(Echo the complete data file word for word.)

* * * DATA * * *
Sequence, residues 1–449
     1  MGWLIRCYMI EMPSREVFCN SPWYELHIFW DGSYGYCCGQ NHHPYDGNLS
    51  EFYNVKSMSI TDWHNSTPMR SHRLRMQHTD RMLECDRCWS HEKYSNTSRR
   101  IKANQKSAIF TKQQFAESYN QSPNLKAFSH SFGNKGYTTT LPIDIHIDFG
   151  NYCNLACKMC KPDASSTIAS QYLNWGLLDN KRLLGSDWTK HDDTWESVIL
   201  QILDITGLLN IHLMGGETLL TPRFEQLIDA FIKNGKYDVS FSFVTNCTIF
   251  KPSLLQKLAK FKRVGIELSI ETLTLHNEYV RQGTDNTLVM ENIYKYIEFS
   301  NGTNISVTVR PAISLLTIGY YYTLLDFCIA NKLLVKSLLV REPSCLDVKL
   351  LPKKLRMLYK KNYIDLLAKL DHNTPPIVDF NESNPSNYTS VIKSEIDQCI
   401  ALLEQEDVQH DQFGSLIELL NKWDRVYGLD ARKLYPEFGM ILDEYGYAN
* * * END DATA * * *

Sequence, residues 1–449
     1  MGWLIRCYMI EMPSREVFCN SPWYELHIFW DGSYGYCCGQ NHHPYDGNLS
    51  EFYNVKSMSI TDWHNSTPMR SHRLRMQHTD RMLECDRCWS HEKYSNTSRR
   101  IKANQKSAIF TKQQFAESYN QSPNLKAFSH SFGNKGYTTT LPIDIHIDFG
   151  NYCNLACKMC KPDASSTIAS QYLNWGLLDN KRLLGSDWTK HDDTWESVIL
   201  QILDITGLLN IHLMGGETLL TPRFEQLIDA FIKNGKYDVS FSFVTNCTIF
   251  KPSLLQKLAK FKRVGIELSI ETLTLHNEYV RQGTDNTLVM ENIYKYIEFS
   301  NGTNISVTVR PAISLLTIGY YYTLLDFCIA NKLLVKSLLV REPSCLDVKL
   351  LPKKLRMLYK KNYIDLLAKL DHNTPPIVDF NESNPSNYTS VIKSEIDQCI
   401  ALLEQEDVQH DQFGSLIELL NKWDRVYGLD ARKLYPEFGM ILDEYGYAN